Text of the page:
Historic Cornwall tin mine could re-open in 2018
Canadian junior Strongbow Exploration Inc (CVE:SBW) last month closed the acquisition of the South Crofty tin mine in Cornwall and local media reports operations could restart within two years.
South Crofty, approximately 390km drive west of London on the Celtic Sea Coast, was the last tin mine in Europe when it closed in 1998. Several companies attempted to revive the mines between 2001 and 2013 but due to poor market conditions the assets were put into administration in 2013.
Vancouver-based Strongbow paid in the order of US$2m for 100% of the mining permission area which includes 26 former producing mines. Strongbow filed a National Instrument 43-101 technical report in June this year detailing indicated mineral resources of 1.9 million tonnes grading 1.7% Sn equivalent and 1.2 million tonnes inferred grading at 1.52%.
"We think that really we will be down there for decades"
The West Briton quotes Richard Williams, President and CEO of Strongbow, as saying the company "needs to demonstrate to the market that there is potential for long term mining at the site":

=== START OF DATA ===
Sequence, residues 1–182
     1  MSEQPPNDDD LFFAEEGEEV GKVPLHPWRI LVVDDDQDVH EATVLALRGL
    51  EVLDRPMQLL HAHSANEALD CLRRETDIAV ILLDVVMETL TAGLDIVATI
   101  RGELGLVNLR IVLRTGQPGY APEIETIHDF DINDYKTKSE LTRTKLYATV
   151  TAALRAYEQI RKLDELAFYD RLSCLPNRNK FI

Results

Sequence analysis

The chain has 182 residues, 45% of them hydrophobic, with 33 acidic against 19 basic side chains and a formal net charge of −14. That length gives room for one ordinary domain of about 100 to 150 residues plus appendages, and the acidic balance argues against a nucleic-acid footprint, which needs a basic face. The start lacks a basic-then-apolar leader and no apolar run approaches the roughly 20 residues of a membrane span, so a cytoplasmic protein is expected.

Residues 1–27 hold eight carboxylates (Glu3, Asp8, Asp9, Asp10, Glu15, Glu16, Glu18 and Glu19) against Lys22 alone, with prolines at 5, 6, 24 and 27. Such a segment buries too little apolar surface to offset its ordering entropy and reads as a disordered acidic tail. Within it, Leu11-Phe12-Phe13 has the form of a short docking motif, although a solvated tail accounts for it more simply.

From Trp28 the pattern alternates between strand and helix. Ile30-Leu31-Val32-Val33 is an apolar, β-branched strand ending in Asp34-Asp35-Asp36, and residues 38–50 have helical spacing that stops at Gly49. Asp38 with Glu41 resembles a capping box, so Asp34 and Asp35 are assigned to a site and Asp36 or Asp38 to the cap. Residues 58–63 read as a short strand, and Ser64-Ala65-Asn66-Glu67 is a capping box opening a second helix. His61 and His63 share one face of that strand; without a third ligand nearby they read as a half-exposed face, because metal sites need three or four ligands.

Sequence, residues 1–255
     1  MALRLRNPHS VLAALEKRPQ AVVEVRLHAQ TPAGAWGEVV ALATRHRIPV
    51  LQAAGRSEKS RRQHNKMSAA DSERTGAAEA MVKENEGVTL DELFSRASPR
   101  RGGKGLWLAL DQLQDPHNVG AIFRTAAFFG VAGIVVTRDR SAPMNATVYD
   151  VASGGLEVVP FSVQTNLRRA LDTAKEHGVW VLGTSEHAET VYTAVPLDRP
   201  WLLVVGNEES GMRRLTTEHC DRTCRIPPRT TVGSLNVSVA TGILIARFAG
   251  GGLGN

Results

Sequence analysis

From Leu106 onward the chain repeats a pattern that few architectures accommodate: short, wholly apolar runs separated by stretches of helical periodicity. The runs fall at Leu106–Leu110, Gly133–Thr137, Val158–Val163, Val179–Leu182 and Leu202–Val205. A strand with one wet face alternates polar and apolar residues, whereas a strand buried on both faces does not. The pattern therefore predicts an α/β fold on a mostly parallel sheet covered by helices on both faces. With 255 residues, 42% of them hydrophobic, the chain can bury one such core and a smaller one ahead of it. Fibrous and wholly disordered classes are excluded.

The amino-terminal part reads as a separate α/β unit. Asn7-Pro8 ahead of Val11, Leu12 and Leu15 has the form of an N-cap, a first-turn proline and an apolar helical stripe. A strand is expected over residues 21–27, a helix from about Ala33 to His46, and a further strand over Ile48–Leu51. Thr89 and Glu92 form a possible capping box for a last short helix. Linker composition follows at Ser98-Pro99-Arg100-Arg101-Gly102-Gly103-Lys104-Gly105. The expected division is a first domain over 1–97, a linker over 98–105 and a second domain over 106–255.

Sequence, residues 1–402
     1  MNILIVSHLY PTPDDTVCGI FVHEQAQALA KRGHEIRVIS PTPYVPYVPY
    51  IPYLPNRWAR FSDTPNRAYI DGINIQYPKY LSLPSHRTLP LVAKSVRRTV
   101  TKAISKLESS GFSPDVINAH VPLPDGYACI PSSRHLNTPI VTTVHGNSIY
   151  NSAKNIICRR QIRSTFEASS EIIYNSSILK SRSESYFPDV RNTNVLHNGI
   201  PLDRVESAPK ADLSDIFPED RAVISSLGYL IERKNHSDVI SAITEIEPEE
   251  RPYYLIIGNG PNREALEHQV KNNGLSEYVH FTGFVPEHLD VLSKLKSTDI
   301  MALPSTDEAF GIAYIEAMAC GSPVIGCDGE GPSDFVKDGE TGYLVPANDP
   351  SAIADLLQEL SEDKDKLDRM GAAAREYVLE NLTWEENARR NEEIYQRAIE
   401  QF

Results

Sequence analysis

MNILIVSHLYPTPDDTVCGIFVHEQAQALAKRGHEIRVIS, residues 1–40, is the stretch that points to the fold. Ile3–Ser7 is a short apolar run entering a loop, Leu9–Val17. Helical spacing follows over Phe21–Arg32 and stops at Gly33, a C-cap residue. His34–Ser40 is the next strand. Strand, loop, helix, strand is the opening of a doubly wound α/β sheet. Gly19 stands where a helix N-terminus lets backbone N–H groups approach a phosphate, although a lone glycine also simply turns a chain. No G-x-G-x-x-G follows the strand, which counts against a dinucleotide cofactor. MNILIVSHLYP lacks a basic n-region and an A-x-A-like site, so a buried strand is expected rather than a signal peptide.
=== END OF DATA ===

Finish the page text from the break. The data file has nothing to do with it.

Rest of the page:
"At the moment, it is estimated (for the markets) that there is eight to nine years mine life.
"But we think that really we will be down there for decades."
Local media reports environmental work focused on treating and pumping water from the flooded mine will commence in September. Existing mine infrastructure that is potentially useable includes 4 vertical shafts with a combined depth of 2,940m.
According to Williams capital expenditure to restart mining would be minimum US$100 million. Near surface copper mineralization exists at the site, but Strongbow is focusing on tin-only mineralization that occurs from a depth of 400 meters.
Strongbow also owns tin properties in Alaska and base and precious metal projects in Canada. The little traded company is worth $10.1 million on the TSX Venture Exchange after rising 230% in value this year.
The tin price has surged nearly 40% to trade at $18,400 a tonne currently from multi-year lows of $13,200 a tonne hit mid-January. The metal reached a record high of $33,600 at the height of the mining boom in 2011.
Nearly 10 million tonnes at an average grade of 1.00% tin were mined at South Crofty between 1906 and 1998. Mining in the area dates back to the Bronze age, flourished during Roman times and reached a peak in the latter half of the 1800s when Cornwall accounted for nearly half the global trade in tin.